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September 17, 2002
The Cricket Interview / Andy Flower
'My time to captain Zimbabwe again has passed'
Andy Flower's phenomenal form over the past few years has seen him rise to the top of the PricewaterhouseCoopers Ratings as the best batsman in the world, ahead of Sachin Tendulkar and Brian Lara.
Starting off as a wicketkeeper-batsman, the left-handed batsman led Zimbabwe to their first Test victory, against Pakistan, in 1994-95. Later, in his second stint as captain, he led the team on the tour of England, in 2000.
Playing spin is Andy's forte. There are few players in contemporary cricket who play the turning ball better than him. On the 2001 tour of India, he amassed 540 runs, which included a huge double century at Nagpur. But his greatest moment came in the Test against South Africa at Harare last year, when he scored 142 and an unbeaten 199 not out. It was the highest match total in history by a player on the losing side.
The older of the two Flower brothers -- Grant is the younger sibling -- Andy spoke to Assistant Editor Faisal Shariff in Colombo about Zimbabwe cricket and his plans for the future.
You are the star performer of your team. The entire batting revolves around you...
I don't think that is true. We have got some good players -- some experienced and some new -- and I think that these guys will step up and do very well.
Will the ICC Champions Trophy be a guideline to the World Cup in South Africa?
I think it will be a good start. Everyone is thinking of the World Cup and this is just the start of the rivalries between the teams; the competitive edge will be good for the teams. We play India and England in our group in the World Cup and if we can put on over them here that is a good start. [Zimbabwe lost to India in their opening match of the Champions Trophy.]
What's your take on the use of technology?
I did not know that. It is pretty interesting and it is quite good to experiment, to judge how well it works. My own views are that I prefer lesser use of the third umpire. The umpires should be allowed to make their own decisions on the pitch and the players and the commentators should just get on with the game. Human error has always been a part of the game and I think that is how it should remain.
With so much at stake, do you think it is worth it? There are careers on the line.
I understand that there are careers on the line but we must understand that human error is a part of the sport. I am a traditionalist and I think that is the way the sport should continue.
Do you think there should be uniformity in payments for Test-playing nations?
I don't think all the players should be paid the same as the best-playing nations in the world. I don't think that we should be paid the same as Australia.
Are you playing county cricket for the money or for the experience?
The financial aspect is a very pleasant bonus for us, but I always wanted to play a county season to see what it is like. [Andy plays for Essex in the English county championship] Most of the players around the world have played county cricket as overseas professionals and I think that it is an honour for me to play.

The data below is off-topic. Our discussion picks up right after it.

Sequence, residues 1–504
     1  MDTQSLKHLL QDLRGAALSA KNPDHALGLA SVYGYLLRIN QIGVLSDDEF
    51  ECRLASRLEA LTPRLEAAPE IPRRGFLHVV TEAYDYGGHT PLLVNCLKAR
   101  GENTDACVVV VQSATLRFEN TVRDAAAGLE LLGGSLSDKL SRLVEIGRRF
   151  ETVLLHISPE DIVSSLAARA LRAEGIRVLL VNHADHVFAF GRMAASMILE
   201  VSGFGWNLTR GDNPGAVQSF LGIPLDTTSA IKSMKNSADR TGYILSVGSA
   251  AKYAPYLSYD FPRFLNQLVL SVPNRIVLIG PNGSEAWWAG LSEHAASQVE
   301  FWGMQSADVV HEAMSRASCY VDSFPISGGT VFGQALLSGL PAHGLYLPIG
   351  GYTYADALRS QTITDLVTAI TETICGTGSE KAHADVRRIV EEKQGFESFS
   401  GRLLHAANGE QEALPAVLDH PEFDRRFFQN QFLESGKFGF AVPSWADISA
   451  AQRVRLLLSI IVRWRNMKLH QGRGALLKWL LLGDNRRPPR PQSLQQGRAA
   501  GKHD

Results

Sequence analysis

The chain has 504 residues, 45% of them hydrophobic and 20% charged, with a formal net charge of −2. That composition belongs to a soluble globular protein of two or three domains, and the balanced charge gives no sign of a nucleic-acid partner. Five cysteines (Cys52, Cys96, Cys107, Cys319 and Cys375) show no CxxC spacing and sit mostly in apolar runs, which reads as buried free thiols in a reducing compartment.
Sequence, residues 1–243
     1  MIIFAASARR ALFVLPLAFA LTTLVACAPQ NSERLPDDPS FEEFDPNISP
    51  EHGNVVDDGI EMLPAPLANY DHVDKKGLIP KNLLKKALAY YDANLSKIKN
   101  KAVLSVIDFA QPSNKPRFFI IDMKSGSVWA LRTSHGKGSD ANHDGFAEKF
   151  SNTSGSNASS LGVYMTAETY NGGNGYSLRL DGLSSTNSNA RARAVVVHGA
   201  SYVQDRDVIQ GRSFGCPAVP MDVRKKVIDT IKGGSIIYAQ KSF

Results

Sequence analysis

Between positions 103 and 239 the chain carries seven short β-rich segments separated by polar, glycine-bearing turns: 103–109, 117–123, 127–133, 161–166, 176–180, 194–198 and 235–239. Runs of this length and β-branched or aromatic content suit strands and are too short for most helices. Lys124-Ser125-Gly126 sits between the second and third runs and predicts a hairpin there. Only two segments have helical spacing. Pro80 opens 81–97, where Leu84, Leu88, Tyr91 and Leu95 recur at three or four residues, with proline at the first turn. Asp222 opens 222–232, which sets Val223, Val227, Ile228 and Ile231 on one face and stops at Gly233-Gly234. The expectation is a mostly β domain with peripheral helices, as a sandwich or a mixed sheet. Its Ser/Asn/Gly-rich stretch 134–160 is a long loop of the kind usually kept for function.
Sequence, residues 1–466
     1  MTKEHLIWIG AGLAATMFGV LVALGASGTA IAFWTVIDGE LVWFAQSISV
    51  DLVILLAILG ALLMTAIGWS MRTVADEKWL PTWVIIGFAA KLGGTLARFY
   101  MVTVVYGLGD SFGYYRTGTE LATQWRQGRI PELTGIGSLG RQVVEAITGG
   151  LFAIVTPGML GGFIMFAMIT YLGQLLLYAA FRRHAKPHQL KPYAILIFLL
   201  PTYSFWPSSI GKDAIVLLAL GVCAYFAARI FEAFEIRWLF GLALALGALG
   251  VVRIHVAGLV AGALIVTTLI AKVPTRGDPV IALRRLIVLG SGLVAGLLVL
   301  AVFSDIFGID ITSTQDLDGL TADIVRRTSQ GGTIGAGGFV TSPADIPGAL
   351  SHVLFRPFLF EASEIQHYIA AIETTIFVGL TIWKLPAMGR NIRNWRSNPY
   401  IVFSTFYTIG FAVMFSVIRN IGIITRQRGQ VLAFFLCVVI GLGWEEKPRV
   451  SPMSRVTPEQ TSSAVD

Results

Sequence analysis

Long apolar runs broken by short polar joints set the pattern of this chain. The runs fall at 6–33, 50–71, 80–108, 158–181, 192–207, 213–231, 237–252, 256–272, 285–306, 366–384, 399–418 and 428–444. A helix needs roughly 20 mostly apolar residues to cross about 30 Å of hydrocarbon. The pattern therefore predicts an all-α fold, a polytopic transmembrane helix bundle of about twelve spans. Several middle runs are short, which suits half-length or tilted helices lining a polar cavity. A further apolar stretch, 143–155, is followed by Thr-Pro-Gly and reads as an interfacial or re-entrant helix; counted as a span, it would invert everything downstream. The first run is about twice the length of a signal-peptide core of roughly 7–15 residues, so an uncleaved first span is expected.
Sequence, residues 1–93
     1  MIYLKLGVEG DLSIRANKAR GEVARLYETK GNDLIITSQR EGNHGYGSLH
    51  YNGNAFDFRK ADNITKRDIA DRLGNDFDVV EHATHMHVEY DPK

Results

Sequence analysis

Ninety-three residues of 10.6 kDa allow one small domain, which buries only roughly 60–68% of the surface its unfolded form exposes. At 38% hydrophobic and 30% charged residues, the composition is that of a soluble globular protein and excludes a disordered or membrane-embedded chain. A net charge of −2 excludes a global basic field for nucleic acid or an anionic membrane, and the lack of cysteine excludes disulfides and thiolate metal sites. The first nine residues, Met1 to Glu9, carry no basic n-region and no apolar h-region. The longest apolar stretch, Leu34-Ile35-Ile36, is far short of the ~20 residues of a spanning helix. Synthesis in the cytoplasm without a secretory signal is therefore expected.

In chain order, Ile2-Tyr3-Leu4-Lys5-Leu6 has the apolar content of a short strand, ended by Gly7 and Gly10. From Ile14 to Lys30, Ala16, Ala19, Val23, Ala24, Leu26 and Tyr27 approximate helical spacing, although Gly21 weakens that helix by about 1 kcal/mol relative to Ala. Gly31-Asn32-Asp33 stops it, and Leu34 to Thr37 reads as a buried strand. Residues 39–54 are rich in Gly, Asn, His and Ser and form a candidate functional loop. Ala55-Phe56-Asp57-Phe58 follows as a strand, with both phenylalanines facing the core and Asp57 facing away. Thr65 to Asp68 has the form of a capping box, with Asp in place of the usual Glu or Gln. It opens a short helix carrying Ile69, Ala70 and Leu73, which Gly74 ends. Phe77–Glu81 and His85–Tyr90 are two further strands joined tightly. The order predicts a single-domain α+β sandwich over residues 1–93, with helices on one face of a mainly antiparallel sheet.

Are you happy with the current development program in Zimbabwe?
I am not a development officer or an administrator to comment on it either way -- whether it is good or bad. But I feel that it is not as good as it could have been over the years. I don't want to go into that.
You did not have a good outing on the last series against Sri Lanka here in Colombo. You struggled with the bat...
I did have a tough time with the bat, but you have to move on from there and think positive thoughts.
Have you ever thought of leaving Zimbabwe and playing in the South African or Australian cricket leagues?
I cannot deny that in 1991 I did think of playing in South Africa. Zimbabwe had not got Test status yet. When we got Test status soon after I stayed back. It was an amazing opportunity to play international cricket. I think it is a very difficult decision to make -- to give up international cricket for a better international pay package.
So it is still a consideration for me, but all I want to do is play a successful season and have a good World Cup in South Africa.
Zimbabwe has thrived under your captaincy. Do you wish to captain the team again?
To be honest, I think my time to captain Zimbabwe again has passed. There are younger men to step in and take that responsibility. I think it is a job you have to be completely committed to do. Right now I am not hungry to do the job. So I think I am not the man for the job.
Steve Waugh recently said in an interview that batsmen around the world have lost the art of batting long hours in Test cricket. He blamed one-day cricket for the decline in batting standards. As one of the leading Test batsmen in the world do you agree with that?
I don't think one-day cricket is taking the true art away from the game. I think it has affected the way batsmen bat. Batsmen nowadays play more aggressively especially against the spinners. There is a certain amount of confidence that they take from the one-day game into their Test batting and hit over the top more often. More shots are being played today in Tests and I don't think that is a bad thing. On the flip side it makes the game more exciting besides bringing in more results.
South Africa and Zimbabwe have for a long time been debating about the reservation policy for coloured cricketers in the team. What is your stand?
I am not a policy-maker, but your national side should be the best eleven players available; not a compromise side. Now if those best eleven include eleven black cricketers or eleven Asians or eleven white men it should not matter. The colour of a player should not determine his place in the side. That is unfair.
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